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Keeping hopes adrift


Devotees wading knee-deep into the sea to get closer to the floating chariot bearing the statue of Goddess Kali near the temple in Teluk Bahang. — Photos: GEORGE CHEAH/The Star

Devotees wading knee-deep into the sea to get closer to the floating chariot bearing the statue of Goddess Kali near the temple in Teluk Bahang. — Photos: GEORGE CHEAH/The Star

IN the Hindu pantheon, Kali is the awesome personification of Shakti, the supreme female divine power of the religion.

Her Sanskrit name means “She who is black” or “She who is death”, and there is a 119-year-old temple in Teluk Bahang, Penang, in her honour.

More than 20,000 devotees lined the beach outside Sri Singamuga Kaliamman Temple on Monday evening (behind the former Mutiara Beach Resort premises) to receive blessings from Kali, who is the Goddess of Time, Change, Power, Creation, Preservation and Destruction.

The devotees waded knee-deep into the sea to send out thousands of candle-lit floats of various shapes and sizes for the annual Maasi Maagam Theppa Thirunaal (Floating Chariot Festival), creating a field of light drifting in the twilight sea while fireworks lit the sky.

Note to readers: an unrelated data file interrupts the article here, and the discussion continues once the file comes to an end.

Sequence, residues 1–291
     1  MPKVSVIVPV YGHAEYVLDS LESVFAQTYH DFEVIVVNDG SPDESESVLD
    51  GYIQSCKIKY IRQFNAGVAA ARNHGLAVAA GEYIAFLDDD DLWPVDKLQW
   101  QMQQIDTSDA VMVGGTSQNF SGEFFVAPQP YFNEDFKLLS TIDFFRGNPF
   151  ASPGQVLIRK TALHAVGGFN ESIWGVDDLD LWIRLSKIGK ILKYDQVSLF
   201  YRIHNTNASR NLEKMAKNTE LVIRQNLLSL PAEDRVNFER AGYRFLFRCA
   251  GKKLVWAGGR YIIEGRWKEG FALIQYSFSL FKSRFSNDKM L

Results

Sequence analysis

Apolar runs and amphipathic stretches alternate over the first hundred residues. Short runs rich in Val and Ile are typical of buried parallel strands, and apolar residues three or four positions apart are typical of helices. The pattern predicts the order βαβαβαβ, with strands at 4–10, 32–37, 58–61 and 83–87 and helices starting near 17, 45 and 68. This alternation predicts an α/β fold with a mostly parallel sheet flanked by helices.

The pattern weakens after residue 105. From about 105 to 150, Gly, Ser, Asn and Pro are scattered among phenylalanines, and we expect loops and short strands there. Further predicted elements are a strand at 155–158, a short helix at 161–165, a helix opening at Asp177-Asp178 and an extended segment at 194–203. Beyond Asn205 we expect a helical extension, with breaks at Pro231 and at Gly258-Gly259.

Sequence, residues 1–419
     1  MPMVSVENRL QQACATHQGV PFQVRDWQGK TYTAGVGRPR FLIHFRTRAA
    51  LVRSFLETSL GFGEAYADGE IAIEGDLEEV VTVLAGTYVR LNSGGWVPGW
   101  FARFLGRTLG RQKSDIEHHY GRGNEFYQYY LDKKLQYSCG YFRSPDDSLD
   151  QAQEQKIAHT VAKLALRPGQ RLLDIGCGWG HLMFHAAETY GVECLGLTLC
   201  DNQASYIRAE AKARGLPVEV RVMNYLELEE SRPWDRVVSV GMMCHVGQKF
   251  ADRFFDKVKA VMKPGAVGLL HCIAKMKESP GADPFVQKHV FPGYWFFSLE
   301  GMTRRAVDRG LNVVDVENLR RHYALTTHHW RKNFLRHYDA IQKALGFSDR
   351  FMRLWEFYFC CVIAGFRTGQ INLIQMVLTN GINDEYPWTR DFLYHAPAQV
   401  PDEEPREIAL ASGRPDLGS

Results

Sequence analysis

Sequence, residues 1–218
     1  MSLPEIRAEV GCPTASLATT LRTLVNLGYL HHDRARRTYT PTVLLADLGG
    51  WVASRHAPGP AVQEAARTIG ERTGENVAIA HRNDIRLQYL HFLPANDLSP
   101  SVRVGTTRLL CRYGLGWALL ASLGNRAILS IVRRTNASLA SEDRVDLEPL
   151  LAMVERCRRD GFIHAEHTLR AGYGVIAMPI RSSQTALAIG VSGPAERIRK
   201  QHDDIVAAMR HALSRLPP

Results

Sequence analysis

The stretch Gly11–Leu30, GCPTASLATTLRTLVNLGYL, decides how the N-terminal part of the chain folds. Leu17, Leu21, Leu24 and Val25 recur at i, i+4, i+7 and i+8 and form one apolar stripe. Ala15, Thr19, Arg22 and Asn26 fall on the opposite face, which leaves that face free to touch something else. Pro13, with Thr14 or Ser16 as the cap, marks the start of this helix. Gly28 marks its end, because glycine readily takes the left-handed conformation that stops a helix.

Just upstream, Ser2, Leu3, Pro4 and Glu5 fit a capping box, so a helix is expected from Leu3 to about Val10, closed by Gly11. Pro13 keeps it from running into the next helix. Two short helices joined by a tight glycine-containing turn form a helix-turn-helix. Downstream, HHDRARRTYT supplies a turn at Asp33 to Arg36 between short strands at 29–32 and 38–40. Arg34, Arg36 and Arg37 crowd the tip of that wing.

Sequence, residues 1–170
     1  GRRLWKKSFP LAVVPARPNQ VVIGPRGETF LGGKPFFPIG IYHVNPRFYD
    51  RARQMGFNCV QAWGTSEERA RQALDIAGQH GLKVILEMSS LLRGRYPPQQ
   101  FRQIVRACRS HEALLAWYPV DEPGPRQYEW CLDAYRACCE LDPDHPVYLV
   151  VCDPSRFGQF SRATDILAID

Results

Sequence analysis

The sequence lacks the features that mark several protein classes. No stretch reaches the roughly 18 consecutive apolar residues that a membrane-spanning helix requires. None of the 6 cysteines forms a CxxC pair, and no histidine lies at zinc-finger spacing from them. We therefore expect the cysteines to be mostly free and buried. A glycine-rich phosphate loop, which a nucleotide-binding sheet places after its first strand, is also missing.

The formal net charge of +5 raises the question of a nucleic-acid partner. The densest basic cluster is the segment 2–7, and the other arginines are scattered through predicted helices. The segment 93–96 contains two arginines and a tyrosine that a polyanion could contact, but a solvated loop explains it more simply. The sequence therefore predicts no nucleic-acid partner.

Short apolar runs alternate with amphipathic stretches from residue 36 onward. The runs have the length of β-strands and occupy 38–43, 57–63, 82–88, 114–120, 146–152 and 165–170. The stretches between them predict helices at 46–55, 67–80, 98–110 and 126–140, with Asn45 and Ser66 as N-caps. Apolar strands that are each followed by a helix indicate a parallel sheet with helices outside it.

For two hours, an ornate chariot built on a barge carried the temple’s consecrated, eight-armed statue of Kali out to sea, bedecked in hundreds of flower garlands and holding a trident, sword and other implements associated with her powers.

The floating chariot, towed by a trawler, returned at 9.30pm anddevotees waited with clasped palms to receive blessings.

Temple chairman A. Sathasivam said the ritual was started about four decades ago by local fishermen who worshipped the deity.

Thousands gathering by the beachfront near the Sri Singamuga Kaliamman Temple in Teluk Bahang for the Maasi Maagam Theppa Thirunaal annual festival.
Thousands gathering by the beachfront near the Sri Singamuga Kaliamman Temple in Teluk Bahang for the Maasi Maagam Theppa Thirunaal annual festival.

“They first used a sampan to carry the statue to sea. The fishermen prayed for safe journeys and good catches,” he said.

Over the years, he said, the rite drew worshippers from afar and today, they came to make vows and pray that their wishes be fulfilled.

Newlyweds R. Arjun, 30, and S. Sowmya, 28, from Taiping, Perak, said it was their first visit to the temple.

“I heard about this festival from my friends so we thought of witnessing it for ourselves.

“I have never seen a floatingchariot. This is colourful and exciting,” Arjun said, adding that they were on a week-long holiday.

About 100 stalls were set up along the road leading to the temple selling lamp floats, ornaments, religious paraphernalia, traditional costumes, food and beverages.

   

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